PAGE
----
For a nation born out of tax resistance, why Americans tend to grumble but not revolt against taxes?

I had posted earlier how cleverly governments have convinced people that any incomes taxed is white and rest black. However, history of nations shows how revolt against some or the other taxes was one of the crucial ingredients to development of the very nation.

So two more things here. First is to read stuff by Charles Adams who is a tax historian and has written a lot about the subject. Second is this post by Jeff Deist who writes about American tax day:

Today is Tax Day in America. When April 15th happens to fall on a weekend, the IRS generously permits us to extend the filing ritual until the following Monday. But since Monday was a holiday in the District of Columbia known (without irony) as Emancipation Day, we all enjoyed an extra bonus day to comply. And for the most part, comply we do: the voluntary compliance rate, defined by the IRS as taxes timely paid as a percentage of taxes owed in aggregate, is nearly 82%. Compare this with Italy, for example, where tax evasion is a national pastime. For a nation born out of tax resistance, we Americans tend to grumble but not revolt.

We also tend to view taxes only in terms of personal pain: the financial costs of paying, the compliance costs of dealing with the paperwork, and the psychic costs of worrying about it all. It is precisely this pain, experienced only by individuals, that upends the left-wing rationale for imposing taxes on business entities, estates, and all manner of transactions. Only people pay taxes. When someone talks about raising taxes on “greedy corporations,” they’re really calling for higher consumer prices for those corporations’ goods and services.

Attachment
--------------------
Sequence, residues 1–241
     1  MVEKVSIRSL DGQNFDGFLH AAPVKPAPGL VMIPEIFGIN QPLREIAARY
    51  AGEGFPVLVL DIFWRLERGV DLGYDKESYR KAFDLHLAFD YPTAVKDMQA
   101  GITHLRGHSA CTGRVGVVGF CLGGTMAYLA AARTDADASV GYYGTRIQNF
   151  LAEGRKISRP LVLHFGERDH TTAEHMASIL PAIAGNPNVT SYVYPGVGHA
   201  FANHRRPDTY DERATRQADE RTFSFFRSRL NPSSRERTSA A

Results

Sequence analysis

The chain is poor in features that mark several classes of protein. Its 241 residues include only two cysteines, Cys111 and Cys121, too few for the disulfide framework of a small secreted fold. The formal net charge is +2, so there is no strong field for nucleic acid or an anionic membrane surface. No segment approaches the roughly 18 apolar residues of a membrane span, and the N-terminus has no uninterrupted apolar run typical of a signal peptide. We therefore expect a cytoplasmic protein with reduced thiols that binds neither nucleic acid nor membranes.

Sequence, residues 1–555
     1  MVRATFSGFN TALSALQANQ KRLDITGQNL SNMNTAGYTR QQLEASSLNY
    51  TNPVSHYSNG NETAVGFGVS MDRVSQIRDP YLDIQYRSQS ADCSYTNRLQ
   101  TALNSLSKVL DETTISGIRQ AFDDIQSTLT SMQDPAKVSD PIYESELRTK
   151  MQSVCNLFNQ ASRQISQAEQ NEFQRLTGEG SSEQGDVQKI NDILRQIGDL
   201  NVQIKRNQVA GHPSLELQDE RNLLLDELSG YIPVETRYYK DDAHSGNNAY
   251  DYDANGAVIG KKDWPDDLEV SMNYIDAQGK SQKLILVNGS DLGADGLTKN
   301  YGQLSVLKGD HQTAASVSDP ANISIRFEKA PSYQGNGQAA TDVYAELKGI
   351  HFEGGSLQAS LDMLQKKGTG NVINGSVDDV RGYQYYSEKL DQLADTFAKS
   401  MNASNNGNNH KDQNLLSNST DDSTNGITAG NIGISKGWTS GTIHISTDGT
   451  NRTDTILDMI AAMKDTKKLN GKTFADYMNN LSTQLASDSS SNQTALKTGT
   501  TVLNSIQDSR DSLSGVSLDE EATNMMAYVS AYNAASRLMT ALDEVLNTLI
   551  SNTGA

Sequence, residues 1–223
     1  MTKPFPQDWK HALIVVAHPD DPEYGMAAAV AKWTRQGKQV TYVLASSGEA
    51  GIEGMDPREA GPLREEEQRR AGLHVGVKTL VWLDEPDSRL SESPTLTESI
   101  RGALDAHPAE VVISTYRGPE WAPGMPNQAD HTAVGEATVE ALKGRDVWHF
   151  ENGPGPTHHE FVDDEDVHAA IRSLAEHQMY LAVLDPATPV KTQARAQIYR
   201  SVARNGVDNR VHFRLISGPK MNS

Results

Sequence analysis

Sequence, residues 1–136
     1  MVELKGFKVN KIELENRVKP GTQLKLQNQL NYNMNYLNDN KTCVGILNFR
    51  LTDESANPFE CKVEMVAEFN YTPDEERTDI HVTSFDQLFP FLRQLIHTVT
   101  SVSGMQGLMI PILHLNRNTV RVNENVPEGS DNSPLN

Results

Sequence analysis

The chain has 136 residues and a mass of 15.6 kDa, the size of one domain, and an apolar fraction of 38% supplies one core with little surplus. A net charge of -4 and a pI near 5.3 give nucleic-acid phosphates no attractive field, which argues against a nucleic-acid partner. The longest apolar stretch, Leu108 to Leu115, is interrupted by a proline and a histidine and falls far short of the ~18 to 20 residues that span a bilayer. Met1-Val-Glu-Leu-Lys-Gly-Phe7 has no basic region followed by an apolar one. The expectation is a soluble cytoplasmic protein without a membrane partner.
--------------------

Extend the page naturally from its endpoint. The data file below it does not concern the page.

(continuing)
But the larger impact of taxation is found in the countless and profound ways it changes human activity. Charles Adams, the great tax historian, devoted his career to examining the enormous sociological and cultural impacts resulting from how states raise revenue. Adams called taxes a “prime mover of history,” from ancient Egypt through the Middle Ages, from Enlightenment Europe to Colonial America and all the way up to our present world of offshore tax havens. Taxes, Adams maintained, are far from the price we pay for civilization. Instead they are mean, petty, and arbitrary, causing existential struggles for the poorest people in societies across history. Taxes not only fund wars and enrich unworthy rulers, but also create crippling distortions in every economy the world has ever known.

The impact of taxes on ordinary people in modern America, including the lengths to which some will go to avoid them, is well-represented in our national psyche. We’ve all heard anecdotal horror stories, usually involving someone’s finances being destroyed by a sudden IRS seizure. Americans also view the IRS as wanton and political in its enforcement actions, which makes sense. Even experts can’t agree how much a hypothetical family owes in any given year.

The distortive impact of taxes on US and multinational businesses is also extraordinary, albeit not as much discussed. While monetary policy causes malinvestment through artificially low interest rates, high tax rates and burdensome complexity similarly cause firms to radically alter their business decisions. And just as interest rates affect the length of production, tax rates (and rules) dramatically affect decisions about the capital structure of companies.

Trying to find ways to avoid taxes is hardly anything unique to India as our media and politicians suggests. It is present across countries though degrees may differ. Places where State shows more efficiency in delivering public services, people could be less averse towards paying taxes. It would be just opposite for less efficient States. Though, people might just say efficient State is just an oxymoron…

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